During the process of discussing a new client’s digital asset management needs there is inevitably a parallel discussion of the systems (or non-systems!) they currently have in place. The following are some of the Digital Asset Management “horror stories” we have heard from potential clients. Names have been omitted to protect the innocent…
We have a closet full of CDs. Every time we need an event photo I go to the closet and look through the CDs then browse through the images to find the one needed.
When I started the job, I was hired to work specifically on one client. There was a large cardboard box looming a few desks away labeled with the client name and full of CDs, zip disks and who knows what else. We had no idea what it was or what was in there or if it was even important. There were 2 occasions I tried to go in the box in search of some distant inkling someone had, but it was never successful. And there the box sat indefinitely.
We were basically fedexing hard drives to Australia.
We were trying to answer a simple press request for a veggie burrito image. The management team spent the weekend looking in emails for previous shoots, through expired links etc. Nightmare. We had to reshoot in the end. Complete waste of time and £.
We had a huge photoshoot for one of our clients. The server was full, so we only uploaded the more important folders. Later, when the server was at a better capacity, we went back to upload the rest of the hard drive. Part-way through, the files on the drive wouldn’t transfer to the server and the drive kept making clicking noises, eventually we couldn’t see the folders on the drive. Our IT guys tried to work their magic by putting the drive in the freezer. That did not work. We had to go back to the photographer and ask for the files again. This was embarrassing, time-consuming, and it cost extra money!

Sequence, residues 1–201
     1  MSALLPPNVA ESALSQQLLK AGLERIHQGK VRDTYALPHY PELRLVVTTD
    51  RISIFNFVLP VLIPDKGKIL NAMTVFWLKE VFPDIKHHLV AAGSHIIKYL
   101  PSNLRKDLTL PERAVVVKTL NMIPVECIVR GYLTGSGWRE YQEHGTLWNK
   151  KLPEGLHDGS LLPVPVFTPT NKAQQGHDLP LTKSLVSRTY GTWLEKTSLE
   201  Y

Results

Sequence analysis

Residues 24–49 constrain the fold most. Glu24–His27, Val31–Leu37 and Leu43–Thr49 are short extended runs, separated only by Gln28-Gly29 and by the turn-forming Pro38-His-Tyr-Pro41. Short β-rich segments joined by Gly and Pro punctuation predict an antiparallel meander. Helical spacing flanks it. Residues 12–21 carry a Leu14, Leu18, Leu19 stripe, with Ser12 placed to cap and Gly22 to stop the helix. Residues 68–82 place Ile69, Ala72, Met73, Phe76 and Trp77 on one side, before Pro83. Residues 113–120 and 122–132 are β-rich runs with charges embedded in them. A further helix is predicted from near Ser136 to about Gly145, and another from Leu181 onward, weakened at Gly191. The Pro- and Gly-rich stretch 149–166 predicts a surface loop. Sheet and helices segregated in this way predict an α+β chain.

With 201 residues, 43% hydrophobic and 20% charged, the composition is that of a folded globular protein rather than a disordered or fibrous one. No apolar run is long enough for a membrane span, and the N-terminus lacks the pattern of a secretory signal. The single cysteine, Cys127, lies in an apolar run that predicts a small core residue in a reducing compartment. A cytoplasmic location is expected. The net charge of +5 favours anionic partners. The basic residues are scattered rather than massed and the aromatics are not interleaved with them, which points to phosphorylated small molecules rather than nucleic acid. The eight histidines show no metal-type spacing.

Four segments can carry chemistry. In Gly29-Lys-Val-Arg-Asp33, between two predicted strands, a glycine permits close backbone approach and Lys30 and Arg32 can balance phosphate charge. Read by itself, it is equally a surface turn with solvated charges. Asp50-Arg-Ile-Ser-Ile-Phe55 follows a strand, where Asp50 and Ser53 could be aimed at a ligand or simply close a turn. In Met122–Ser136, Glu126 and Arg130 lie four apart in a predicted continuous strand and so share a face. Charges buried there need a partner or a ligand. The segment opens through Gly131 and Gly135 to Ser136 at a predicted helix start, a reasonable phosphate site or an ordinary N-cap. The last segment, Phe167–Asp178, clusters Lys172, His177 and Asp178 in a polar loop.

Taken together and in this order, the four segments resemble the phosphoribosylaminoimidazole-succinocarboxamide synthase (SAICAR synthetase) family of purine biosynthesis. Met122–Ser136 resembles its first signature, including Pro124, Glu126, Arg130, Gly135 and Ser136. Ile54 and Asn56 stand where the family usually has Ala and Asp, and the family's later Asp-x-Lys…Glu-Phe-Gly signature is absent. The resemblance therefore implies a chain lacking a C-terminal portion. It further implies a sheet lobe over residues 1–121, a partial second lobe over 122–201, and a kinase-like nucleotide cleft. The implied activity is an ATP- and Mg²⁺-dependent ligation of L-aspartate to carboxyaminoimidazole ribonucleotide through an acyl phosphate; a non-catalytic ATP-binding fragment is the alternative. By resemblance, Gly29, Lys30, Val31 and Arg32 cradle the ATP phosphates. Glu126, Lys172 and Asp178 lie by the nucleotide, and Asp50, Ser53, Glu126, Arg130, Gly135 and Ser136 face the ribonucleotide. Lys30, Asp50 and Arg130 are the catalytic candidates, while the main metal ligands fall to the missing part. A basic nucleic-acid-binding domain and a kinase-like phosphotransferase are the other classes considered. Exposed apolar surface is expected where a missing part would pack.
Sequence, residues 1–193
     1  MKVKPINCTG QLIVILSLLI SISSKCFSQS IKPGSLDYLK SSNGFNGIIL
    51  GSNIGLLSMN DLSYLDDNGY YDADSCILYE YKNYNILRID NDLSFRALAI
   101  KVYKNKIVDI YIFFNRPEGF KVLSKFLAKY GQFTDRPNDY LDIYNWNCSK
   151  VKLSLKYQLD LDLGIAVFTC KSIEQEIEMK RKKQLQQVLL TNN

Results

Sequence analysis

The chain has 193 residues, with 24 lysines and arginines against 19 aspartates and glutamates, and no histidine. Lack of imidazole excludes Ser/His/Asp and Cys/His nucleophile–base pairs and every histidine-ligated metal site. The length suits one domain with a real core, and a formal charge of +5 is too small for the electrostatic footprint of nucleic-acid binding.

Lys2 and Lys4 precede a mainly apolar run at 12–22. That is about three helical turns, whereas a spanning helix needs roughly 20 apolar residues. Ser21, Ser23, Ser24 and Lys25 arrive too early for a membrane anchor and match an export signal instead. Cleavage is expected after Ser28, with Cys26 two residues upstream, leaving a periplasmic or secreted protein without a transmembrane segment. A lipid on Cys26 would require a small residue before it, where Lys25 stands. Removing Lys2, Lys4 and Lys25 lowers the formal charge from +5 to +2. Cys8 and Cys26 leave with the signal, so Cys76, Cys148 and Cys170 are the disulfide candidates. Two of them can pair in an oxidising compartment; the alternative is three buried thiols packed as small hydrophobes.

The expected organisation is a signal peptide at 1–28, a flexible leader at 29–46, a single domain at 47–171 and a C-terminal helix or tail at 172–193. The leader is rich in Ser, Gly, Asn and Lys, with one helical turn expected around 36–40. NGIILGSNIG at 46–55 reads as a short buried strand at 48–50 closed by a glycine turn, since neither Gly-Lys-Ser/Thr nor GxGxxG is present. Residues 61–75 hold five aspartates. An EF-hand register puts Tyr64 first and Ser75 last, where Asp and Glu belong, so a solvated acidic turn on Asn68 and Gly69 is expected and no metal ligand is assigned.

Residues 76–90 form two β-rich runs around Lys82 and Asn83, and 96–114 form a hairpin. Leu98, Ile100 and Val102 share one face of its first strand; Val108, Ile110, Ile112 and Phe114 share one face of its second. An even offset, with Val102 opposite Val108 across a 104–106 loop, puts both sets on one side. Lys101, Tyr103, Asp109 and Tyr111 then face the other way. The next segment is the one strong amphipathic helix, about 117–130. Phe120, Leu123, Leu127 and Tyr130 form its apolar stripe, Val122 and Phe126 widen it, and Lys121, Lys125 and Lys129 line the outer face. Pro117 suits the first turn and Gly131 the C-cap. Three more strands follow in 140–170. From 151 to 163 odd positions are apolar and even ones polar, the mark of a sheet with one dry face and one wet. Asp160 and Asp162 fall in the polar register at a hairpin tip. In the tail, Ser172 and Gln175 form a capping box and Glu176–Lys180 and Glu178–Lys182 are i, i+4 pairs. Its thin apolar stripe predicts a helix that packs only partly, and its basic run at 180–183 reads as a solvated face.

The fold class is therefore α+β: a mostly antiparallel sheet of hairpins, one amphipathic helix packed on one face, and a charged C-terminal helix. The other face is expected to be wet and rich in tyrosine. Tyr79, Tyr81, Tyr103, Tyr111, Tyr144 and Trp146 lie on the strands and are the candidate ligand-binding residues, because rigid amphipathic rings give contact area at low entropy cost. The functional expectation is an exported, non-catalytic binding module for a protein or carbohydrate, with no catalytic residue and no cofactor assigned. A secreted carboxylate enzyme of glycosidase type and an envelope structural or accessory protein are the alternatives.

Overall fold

New clients send us film, prints and negatives along with digital and paper files… Someone “upstairs” gets a drive with every file of everything on it and those are uploaded to our server. We receive binders with image information in them; shoot info (complete or not), model releases, contact sheets of images, lists of filenames which didn’t correspond to anything we got digitally and on and on. There are images on the server that we didn’t know anything about so as a work-around, we set up an “old” file area that was the wild west. The wild west files languished in a heap.
At the extreme, a lack of digital asset management (DAM) can lead to lawsuits for improper use. At the minimum it leads to bleeding assets; lost images, “unknown unknowns”, reshoots, time wasted by fruitless searching, or time spent reconfirming rights of use for assets for which you have already paid.
So what should you do to de-mystify DAM and this whole new business process you are considering?
…team up with a dedicated librarian to ensure best practices are followed…
First, team up with a dedicated librarian to ensure best practices are followed as you setup the new initiative. And definitely walk through a trial of any software before any commitment is made, as look-and-feel are just as vital to adoption as feature sets. To further ensure success, pre-launch and post-launch internal marketing materials are essential to engage your end-users and support your efforts. These not only support your plan of action for the site launch but also further the education and training opportunities for your team, and the wider constituents. As the group leading this new DAM initiative you should not scare the stakeholders, you should look like superheroes.